When the former CEO of a Delaware corporation headquartered in California sues his employer for retaliatory termination, which state's laws apply? In its recent decision in Lidow v. Superior Court, a California Court of Appeal allowed the ex-CEO's claims to proceed under California law, refusing to apply a conflict of laws principle known as the "internal affairs doctrine," which otherwise would have barred his action under Delaware law.
The internal affairs doctrine holds that the laws of the state of incorporation should normally govern a corporation's internal affairs. The United States Supreme Court, citing this doctrine with approval, has described "internal affairs" as "matters peculiar to the relationships among or between the corporation and its current officers, directors, and shareholders." In addition, the high courts of various states, including California and Delaware, have looked to the internal affairs doctrine to determine whether local or foreign law applies to a particular case. The doctrine avoids subjecting companies to "conflicting demands," and is meant to foster certainty and predictability regarding which state's laws will be applied to companies' actions.
Historically, California courts have not consistently upheld the internal affairs doctrine. For example, in Western Air Lines, Inc. v. Sobieski, a California Court of Appeal held that the California Corporations Commissioner had jurisdiction to review the actions of a Delaware corporation which sought to eliminate cumulative voting for directors. Although shareholder voting rights are seemingly a paradigmatic internal corporate affair, in which case Delaware law would apply, the court nonetheless determined that the substantial impact on the company's many California shareholders supported California jurisdiction. Likewise, in Friese v. Superior Court, a California Court of Appeal held that the internal affairs doctrine did not bar a bankruptcy trustee's state-law insider trading claims against a Delaware corporation, where California but not Delaware had a relevant insider trading statute. Because the prohibition on insider trading served "broad public interests" rather than the narrow interests of shareholders, the court concluded, the trustee's allegations went beyond the corporation's internal affairs and California law applied.
Lidow considers the scope of the internal affairs doctrine in an area previously unexplored by the California courts: employment law. The Lidow court concluded that Delaware corporate law essentially bars corporate officers from bringing wrongful termination claims as a matter of law. By contrast, a judicially created exception to California's "at-will" employment statute allows employees to bring tort actions against their employers for wrongful termination in violation of public policy. Thus the ex-CEO's wrongful termination claims in Lidow brought Delaware corporate law and California employment law into conflict, because the CEO was both a Delaware corporate officer and a California employee. The California Court of Appeal came down on the side of California law, concluding that the claims at issue were not part of the corporation's internal affairs: the CEO contended he was terminated, not for normal business reasons, but rather because he had complained about possible ethical breaches and illegal conduct within the company. Because his removal was allegedly retaliatory, his employer's actions went "beyond internal governance" and instead touched on matters of public policy. Moreover, the court noted, the internal affairs doctrine has never applied to tort claims against a company. Therefore, the ex-CEO could pursue his claims under California employment law.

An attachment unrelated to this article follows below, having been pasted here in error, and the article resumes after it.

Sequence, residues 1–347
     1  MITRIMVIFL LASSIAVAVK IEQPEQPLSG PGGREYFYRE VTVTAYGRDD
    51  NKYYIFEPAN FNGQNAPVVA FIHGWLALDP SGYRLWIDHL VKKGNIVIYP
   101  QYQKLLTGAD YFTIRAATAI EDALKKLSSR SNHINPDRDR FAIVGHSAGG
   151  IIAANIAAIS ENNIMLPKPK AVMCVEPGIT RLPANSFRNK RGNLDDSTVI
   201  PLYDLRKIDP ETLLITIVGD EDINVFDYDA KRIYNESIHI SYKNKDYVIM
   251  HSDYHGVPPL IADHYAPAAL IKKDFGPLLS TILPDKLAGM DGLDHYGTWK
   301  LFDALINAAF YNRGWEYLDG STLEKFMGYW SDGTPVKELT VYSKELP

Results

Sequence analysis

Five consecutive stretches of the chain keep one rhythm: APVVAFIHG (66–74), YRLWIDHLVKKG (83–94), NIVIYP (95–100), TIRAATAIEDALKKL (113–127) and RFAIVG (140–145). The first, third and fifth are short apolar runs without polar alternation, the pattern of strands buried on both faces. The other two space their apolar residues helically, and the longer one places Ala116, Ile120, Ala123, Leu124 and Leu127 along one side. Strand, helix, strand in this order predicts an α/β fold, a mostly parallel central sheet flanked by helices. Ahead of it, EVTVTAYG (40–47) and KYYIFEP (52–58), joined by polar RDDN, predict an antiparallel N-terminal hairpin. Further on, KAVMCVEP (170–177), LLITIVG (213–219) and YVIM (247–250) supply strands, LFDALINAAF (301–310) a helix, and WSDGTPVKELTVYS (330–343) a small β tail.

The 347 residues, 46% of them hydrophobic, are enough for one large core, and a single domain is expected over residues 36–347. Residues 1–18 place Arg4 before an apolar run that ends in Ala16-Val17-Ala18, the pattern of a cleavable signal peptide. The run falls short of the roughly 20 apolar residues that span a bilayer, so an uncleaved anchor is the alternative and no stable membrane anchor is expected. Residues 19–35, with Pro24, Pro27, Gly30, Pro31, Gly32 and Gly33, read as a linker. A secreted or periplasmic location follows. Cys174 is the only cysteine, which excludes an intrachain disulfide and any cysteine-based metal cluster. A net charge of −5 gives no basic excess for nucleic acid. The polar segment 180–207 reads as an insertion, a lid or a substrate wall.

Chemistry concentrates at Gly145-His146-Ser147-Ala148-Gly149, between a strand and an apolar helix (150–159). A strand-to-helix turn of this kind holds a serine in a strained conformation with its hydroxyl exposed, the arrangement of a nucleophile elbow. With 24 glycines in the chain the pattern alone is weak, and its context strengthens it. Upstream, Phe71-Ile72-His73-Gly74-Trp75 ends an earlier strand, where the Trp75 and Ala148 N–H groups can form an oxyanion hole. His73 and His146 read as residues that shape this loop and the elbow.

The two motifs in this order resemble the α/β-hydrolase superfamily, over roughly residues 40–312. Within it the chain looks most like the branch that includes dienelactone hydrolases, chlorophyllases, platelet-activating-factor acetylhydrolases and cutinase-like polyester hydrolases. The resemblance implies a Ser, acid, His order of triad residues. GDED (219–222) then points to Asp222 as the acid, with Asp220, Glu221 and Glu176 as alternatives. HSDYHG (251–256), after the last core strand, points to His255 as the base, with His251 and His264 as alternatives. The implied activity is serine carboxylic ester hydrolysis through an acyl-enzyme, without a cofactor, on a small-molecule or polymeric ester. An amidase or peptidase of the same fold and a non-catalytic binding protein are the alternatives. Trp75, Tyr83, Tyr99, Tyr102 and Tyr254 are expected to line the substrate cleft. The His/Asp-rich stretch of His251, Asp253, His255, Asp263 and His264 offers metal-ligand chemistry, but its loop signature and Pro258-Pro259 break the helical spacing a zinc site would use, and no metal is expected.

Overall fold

Lidow suggests that the internal affairs doctrine may not be an effective defense for foreign corporations seeking to avoid tort liability for wrongful termination under California law. Furthermore, there is good reason to believe that the California courts may be reluctant to support the application of the internal affairs doctrine over California employment law generally when a California employee is being terminated. Every corporate officer is also an employee. Terminating an individual's employment relationship goes beyond removing that individual as an officer. Therefore, going forward, the California courts could conclude that other exceptions under California law to the at-will employment rule raise a sufficiently important issue of public policy to preclude the doctrine's application to claims by officer-employees. As the Lidow court states, "when vital statewide interests are at stake" California courts will be "less apt" to apply the doctrine generally. Although the full implications of the Lidow decision will have to be developed through the resolution of future cases that may be brought before the California courts, Lidow does signal to foreign corporations with officers located in California that the internal affairs doctrine may not be respected.